SOMA: The Darkness Beneath


SOMA is an ambitious piece of science fiction inspired by many of the ideas and concepts of Asimov, Bradbury, and Dick. The game actually begins with an opening quote taken from Philip K Dick, “Reality is that which, when you stop believing in it, doesn’t go away.” A sign that the developer Frictional Games is going for something more with SOMA than jump scares and monsters. SOMA wants to talk about identity, humanity, and what it means to be alive, a conceptually frightening counterpoint to physicality associated with its blockbuster sibling, Amnesia: The Dark Descent.


Every great work of horror starts in a similar manner. A simple guy with a simple name like Simon who, through some type of ill luck or coincidence, stumbles unassumingly into a waking nightmare made real. That in a nutshell is SOMA. The story takes place in a giant underwater science facility named Pathos-II where everything that could have gone wrong, did. The experiments have all failed and the machinery and electronics have taken on a life all their own. Circuit boards thrum with electric life and wires spill like intestines out of breached sections of the bulkhead. Simon is forced to flee from lurching robots that leak black blood and cry out to you when you unplug them. Unfortunately I cannot talk about exactly why we are running or what the monsters actually are because that would require massive, game breaking spoilers.


What I can say is that there is a creeping sense of dread that works its way through the underwater world of Pathos-II. It clings to the darkness and always threatens to burst free with every instance of SOMA’s mechanical monstrosities. It is a real shame given that the monsters themselves lack any real palpable malice. Instead they are almost treated as a secondary kind of puzzle. The stealth mechanics lack the depth of Amnesia: The Dark Descent’s and because of this the player is often forced to figure things out through trial and error. There is far less hiding and far more puzzling-out a given threat.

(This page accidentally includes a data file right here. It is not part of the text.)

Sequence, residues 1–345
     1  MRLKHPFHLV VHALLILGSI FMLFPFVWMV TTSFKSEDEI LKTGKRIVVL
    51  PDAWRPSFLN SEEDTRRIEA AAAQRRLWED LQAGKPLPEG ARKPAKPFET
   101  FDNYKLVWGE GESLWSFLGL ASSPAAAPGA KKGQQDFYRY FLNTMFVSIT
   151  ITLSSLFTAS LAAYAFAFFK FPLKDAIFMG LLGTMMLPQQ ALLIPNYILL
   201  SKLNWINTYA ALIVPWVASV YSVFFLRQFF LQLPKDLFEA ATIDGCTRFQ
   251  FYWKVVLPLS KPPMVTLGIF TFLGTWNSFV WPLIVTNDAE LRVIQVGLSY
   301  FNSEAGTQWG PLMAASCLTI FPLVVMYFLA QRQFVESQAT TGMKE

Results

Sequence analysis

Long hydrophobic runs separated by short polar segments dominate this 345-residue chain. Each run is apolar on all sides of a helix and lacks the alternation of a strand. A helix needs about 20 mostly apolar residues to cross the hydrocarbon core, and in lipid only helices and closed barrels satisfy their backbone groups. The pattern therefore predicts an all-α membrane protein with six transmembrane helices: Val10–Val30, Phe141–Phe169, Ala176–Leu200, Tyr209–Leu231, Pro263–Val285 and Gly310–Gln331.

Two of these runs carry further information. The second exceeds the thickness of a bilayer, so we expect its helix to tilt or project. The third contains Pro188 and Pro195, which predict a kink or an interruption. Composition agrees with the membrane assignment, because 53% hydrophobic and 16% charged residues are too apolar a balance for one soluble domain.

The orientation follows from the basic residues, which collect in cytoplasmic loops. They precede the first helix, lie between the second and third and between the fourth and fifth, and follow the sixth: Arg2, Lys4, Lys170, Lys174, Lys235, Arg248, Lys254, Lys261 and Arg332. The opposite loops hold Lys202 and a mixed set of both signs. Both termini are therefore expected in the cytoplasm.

While the overarching fear of death is still very much an issue, the second to second terror bleeds away. I found SOMA’s tight, claustrophobic setting part of the problem. Often times my encounters with creatures were limited to a single room or area. Hiding from them was not a problem and more times than not they simply shambled past with out a second glance. A hallmark of Amnesia’s gameplay was its long wide-open corridors. Stumbling onto a monster was often a panic-inducing nightmare. Hiding was not as simple as passing through a room. I was forced to look for an open door and find a closet or a place dark enough to hide me from the monster’s gaze. SOMA is lacking this in spades.